Why we need folic acid

By: Myrnelle Cinco

Most of us don’t really give attention to our everyday food intake. Nor do we care much if we’re getting enough of a certain vitamin or not. However, you might want to check if you’ve been putting enough folic acid-rich food on your plate, especially if you’re pregnant or taking certain medications.

Folic acid, also called folate, is a water soluble B vitamin. It was first identified in 1930 by Lucy Wills and was at first named “Wills factor”. Wills factor was extracted from yeast and helped cure anemia in pregnant Indian women. It was later extracted from Spinach leaves and was renamed folate, derived from the latin word ‘folium’ which means ‘leaf.’

Folic acid is important because it is needed for red blood cell formation and can therefore prevent anemia. It helps in repairing and creating new cells, and is especially needed during pregnancy and infancy, the time when cell division is at its prime. It breaks down homocysteine, an amino acid found in blood which can increase risk of getting a stroke, atherosclerosis and coronary heart diseases. Folic acid also aids in DNA synthesis; deficiency can cause damage to the DNA which can lead to certain types of cancer such as cervical, breast, pancreatic and colon cancer.

Neural tube defects (NTD), the second most common birth defect after cardiac defects can be prevented with folic acid intake, according to a study done by Aubrey Millunsky and Caroll Bruell published in the Journal of American Medical Association. NTD is a birth defect that affects the central nervous system, the most common of which is Spina Bifida and Anencephaly. Spina Bifida is the condition characterized by improper closure of the spinal column leaving the infant’s spine vulnerable. This results to the nerves controlling leg movement to not work. Anencephaly, on the other hand, is a condition wherein the baby’s brain does not develop, resulting in death shortly after birth.

According to the Dietary Reference Intake, men and women require 400 micrograms (0.4 milligram) of folic acid daily but some people have special need for folic acid, such as those taking medications for epilepsy, Type 2 diabetes, Rheumatoid arthritis, lupus, psoriasis, and inflammatory bowel disease; those with kidney diseases and are on dialysis; alcoholics, and those with sickle disease or celiac disease. These people need more than 400 micrograms daily because of interruption of absorption of folic acid. Pregnant women need 800 micrograms (0.8 milligram) because it helps prevent NTDs.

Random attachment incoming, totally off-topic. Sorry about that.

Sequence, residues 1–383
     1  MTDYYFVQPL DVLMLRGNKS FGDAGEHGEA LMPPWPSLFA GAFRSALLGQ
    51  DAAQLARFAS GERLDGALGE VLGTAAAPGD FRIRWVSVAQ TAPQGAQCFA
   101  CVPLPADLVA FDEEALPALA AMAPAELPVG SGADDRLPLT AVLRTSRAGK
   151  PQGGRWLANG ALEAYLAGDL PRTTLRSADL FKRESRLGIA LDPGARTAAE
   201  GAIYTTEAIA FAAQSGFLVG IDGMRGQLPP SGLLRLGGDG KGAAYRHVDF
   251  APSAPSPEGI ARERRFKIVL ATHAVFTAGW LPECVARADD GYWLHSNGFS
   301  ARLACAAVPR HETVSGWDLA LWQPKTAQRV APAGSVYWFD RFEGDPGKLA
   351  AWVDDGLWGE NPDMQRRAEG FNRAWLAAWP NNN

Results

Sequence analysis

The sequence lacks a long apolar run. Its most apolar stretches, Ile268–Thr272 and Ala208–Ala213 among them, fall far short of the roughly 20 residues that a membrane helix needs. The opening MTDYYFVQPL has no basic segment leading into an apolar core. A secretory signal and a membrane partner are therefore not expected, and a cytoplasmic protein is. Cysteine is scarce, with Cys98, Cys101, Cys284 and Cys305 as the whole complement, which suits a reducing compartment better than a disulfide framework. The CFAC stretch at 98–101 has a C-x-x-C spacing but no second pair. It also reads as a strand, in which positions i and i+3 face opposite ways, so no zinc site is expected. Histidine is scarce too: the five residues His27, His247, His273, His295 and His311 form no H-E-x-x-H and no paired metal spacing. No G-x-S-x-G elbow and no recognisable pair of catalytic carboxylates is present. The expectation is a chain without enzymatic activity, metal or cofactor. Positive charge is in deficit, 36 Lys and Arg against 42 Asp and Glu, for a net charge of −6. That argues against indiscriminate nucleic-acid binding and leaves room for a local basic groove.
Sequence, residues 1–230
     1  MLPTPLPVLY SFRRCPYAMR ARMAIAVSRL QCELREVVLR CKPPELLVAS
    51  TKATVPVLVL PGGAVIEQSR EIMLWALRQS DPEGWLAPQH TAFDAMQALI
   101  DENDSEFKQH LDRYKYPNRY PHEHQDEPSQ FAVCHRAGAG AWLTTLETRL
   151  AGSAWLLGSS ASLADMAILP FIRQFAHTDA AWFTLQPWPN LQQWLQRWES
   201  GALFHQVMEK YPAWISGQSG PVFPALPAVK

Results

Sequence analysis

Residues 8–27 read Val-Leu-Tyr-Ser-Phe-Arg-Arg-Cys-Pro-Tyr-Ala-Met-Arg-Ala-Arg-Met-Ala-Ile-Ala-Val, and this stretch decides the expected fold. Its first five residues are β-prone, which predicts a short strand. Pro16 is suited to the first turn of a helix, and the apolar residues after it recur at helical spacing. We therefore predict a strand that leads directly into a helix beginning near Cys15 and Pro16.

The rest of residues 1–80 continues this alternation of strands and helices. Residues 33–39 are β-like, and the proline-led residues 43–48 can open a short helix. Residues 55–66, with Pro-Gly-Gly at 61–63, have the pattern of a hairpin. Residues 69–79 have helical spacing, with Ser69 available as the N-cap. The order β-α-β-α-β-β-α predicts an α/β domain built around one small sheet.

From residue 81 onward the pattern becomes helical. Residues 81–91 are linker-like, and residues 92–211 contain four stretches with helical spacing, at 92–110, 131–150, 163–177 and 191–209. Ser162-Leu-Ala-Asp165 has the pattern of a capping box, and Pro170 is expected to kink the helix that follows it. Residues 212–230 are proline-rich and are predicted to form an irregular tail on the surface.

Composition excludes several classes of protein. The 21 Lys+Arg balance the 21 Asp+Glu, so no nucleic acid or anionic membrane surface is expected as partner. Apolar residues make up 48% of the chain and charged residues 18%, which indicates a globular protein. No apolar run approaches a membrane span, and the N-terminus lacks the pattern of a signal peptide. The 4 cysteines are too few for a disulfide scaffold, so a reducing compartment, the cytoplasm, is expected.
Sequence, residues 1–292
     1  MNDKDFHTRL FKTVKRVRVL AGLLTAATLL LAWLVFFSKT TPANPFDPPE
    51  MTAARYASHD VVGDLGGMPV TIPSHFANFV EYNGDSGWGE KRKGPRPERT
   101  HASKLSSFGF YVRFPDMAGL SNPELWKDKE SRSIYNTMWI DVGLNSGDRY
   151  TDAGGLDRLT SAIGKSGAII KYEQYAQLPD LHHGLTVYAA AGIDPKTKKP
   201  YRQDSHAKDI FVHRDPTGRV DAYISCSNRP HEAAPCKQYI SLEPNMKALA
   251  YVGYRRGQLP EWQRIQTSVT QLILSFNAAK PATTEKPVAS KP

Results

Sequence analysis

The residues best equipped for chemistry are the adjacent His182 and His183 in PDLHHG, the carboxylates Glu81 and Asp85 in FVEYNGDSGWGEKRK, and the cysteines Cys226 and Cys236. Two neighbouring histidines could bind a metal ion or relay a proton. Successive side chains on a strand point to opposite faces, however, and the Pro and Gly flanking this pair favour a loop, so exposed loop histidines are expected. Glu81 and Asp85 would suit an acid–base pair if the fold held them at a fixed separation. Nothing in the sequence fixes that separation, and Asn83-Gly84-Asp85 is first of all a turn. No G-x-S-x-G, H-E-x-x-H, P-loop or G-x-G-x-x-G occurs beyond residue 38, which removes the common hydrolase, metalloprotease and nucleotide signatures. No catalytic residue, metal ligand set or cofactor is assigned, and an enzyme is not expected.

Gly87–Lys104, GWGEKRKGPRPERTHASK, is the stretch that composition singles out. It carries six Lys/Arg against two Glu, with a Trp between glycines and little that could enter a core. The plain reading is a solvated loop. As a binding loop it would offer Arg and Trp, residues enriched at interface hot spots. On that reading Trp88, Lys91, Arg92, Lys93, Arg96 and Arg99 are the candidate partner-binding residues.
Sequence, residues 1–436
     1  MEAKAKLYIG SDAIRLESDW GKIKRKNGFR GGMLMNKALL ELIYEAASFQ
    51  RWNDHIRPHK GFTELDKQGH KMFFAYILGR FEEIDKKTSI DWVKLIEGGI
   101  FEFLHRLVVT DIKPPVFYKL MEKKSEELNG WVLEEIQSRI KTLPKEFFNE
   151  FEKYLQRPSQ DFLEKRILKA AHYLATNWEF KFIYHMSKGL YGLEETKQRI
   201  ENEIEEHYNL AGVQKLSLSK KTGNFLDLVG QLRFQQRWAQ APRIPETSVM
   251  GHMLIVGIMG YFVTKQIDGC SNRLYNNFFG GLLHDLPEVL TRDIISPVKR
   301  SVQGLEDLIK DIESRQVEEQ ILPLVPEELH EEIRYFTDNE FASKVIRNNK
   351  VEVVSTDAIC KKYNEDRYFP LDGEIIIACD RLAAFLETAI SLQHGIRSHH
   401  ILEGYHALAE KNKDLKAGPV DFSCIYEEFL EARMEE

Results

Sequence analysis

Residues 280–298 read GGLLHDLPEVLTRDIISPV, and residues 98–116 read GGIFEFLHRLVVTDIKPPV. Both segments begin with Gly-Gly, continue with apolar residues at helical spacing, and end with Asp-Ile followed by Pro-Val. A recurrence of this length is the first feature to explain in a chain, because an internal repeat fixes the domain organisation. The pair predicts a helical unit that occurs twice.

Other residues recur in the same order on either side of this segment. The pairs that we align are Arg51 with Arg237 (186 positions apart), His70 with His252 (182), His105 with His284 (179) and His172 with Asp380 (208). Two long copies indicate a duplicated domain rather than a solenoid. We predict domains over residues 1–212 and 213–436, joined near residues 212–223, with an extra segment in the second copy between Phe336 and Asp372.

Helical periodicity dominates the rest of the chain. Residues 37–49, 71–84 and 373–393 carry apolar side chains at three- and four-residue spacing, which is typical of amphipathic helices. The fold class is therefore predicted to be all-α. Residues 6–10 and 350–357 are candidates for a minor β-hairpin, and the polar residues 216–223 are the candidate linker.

Pregnant women who had a baby with birth defect are recommended to take 4 mg of folic acid daily. The health risk from taking too much folic acid is low. Since it’s a water soluble vitamin, any excess gets lost during urination. There are studies though that show that too much folic acid levels in the blood can cause seizures in people who are taking antiepileptic medications. Plus, taking too much supplemental folic acid can cause B12 deficiency.

Some of the symptoms of folic acid deficiency include fatigue, diarrhea, loss of appetite, ulcer, and soreness of the tongue but most of these are subtle. According to womenshealth.gov,  folid acid deficiency can also be caused by drinking too much alcohol, having diseases that causes the body to not absorb folic acid well such as celiac disease or crohn’s disease, intaking medications such as phenytoin (an antiepileptic drug), sulfasalazine (used to treat arthritis) and co-trimoxazole (used to treat urinary tract infections, bronchitis and nocardiosis).

The best sources of folic acid are green leafy vegetables such as spinach but there are other foods that contain folic acid: beans, citrus fruits, nuts, legumes, and liver. There are also folic acid supplements, and cereals, flour and bread enriched in folic acid. Check the ‘Nutritional Facts’ to see if the item has folic acid and how much of it is in each serving.

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